Lightning strike warning issued to drivers of convertible cars in Milton Keynes

Experts dismiss the theory that rubber tyres keep drivers safe

Wednesday, 21st July 2021, 5:48 pm
Updated Wednesday, 21st July 2021, 5:50 pm

Warnings have been issued to convertible drivers to take extra care this weekend as the UK’s heatwave is set to be interrupted by thunder and lightning.

Temperatures have reached 33C in some parts of the country this week – hotter than exotic holiday hotspots such as Barbados and Ibiza.

But forecaster says the prolonged sizzling temperatures will lead to a dramatic change on Saturday and Sunday, when violent electric storms will light up the sky in Milton Keynes and elsewhere.

Thunder storms are forecast over the weekend

This has led motoring experts to warn that while being in a car during lightning strikes is not an imminent danger to life, if you’re driving a soft top then you could be in peril.

Graham Conway, general manager of Select Car Leasing, says many drivers believe their rubbers tyres will keep them safe – but this is not true.

He added: “If a car is struck by lightning the metal structure acts like a Faraday cage. This means the electricity is sent around the outside of the vehicle and anything, or anyone, inside remains unharmed.

“But if you are driving a convertible, even if you have the roof up you don’t have a complete metal structure surrounding you and that means you could be in trouble.”

Convertible car drivers should take care, warn experts

Faraday cages are named after English scientist Michael Faraday, who first observed the effect in 1836.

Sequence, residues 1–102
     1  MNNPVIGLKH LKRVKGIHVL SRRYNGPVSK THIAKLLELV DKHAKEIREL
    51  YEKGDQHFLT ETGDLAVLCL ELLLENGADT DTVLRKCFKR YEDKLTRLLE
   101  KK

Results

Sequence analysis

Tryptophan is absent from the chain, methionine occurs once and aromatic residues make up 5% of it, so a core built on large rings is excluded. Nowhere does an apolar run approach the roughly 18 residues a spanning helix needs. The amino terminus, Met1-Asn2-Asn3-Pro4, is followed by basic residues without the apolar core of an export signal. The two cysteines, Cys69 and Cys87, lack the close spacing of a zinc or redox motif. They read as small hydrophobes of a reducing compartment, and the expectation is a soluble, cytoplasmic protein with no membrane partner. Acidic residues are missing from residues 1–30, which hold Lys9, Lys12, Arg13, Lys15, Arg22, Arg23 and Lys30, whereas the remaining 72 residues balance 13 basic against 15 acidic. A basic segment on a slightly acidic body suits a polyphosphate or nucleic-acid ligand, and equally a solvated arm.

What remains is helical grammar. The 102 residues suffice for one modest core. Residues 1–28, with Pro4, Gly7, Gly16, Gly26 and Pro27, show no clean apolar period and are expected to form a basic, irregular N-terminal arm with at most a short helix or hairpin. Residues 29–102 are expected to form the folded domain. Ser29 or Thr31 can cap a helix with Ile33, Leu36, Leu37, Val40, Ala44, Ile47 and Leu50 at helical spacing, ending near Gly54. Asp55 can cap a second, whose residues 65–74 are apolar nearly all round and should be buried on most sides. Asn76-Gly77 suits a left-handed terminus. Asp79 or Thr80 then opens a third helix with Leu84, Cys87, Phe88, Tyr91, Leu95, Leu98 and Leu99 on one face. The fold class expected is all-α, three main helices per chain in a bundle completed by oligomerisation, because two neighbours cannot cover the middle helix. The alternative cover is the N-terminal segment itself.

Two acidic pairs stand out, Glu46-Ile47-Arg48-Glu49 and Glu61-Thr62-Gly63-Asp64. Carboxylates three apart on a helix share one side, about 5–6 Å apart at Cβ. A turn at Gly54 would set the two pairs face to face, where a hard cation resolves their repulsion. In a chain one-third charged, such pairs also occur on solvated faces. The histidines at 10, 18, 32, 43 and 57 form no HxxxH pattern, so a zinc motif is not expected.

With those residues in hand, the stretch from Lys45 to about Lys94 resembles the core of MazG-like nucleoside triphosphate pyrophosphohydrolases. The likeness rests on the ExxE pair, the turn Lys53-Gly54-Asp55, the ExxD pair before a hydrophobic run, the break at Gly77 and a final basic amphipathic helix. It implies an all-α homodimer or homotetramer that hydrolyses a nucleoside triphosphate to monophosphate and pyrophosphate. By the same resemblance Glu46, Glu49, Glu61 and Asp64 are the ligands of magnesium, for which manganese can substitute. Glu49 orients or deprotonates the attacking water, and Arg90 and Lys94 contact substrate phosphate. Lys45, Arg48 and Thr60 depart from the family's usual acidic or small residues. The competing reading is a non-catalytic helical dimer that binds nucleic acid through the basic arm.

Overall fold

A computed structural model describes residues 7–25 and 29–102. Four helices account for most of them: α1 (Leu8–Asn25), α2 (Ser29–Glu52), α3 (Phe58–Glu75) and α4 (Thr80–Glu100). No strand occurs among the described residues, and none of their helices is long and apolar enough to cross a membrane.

Lightning occurs when tiny ice particles in a storm cloud collide millions of times per second to create an electrical charge.

According to National Geographic, each bolt contains up to one billion volts of electricity and can heat the air to 5,000 degrees Fahrenheit – five times hotter than the surface of the sun.

There are an estimated 300,000 lightning strikes in the UK each year. On June 28, 2012, there were 64,000 strikes in a single 24-hour period.

The Tornado and Storm Research Organisation (TORRO) say there are on average two people killed and 30 people injured annually by the natural phenomenon in the UK.

The risk of being hit and killed by lightning is around one in 33 million.

Mr Conway added: “While being in a regular car is fairly safe if lightning strikes, there are still a number of things to consider.

“Make sure you are not touching any metal objects inside the car – including door handles, stereo dials and gear sticks.

“Also, if your vehicle is struck then remain inside until the storm has passed and even then take care touching anything metal outside the car for a period of time afterwards.

“As well as convertibles, fibreglass-bodied cars could be a potential risk because they don’t form the complete metal structure to act like a Faraday cage.

“And you obviously would not want to be on a motorbike in an electrical storm for the same reason.”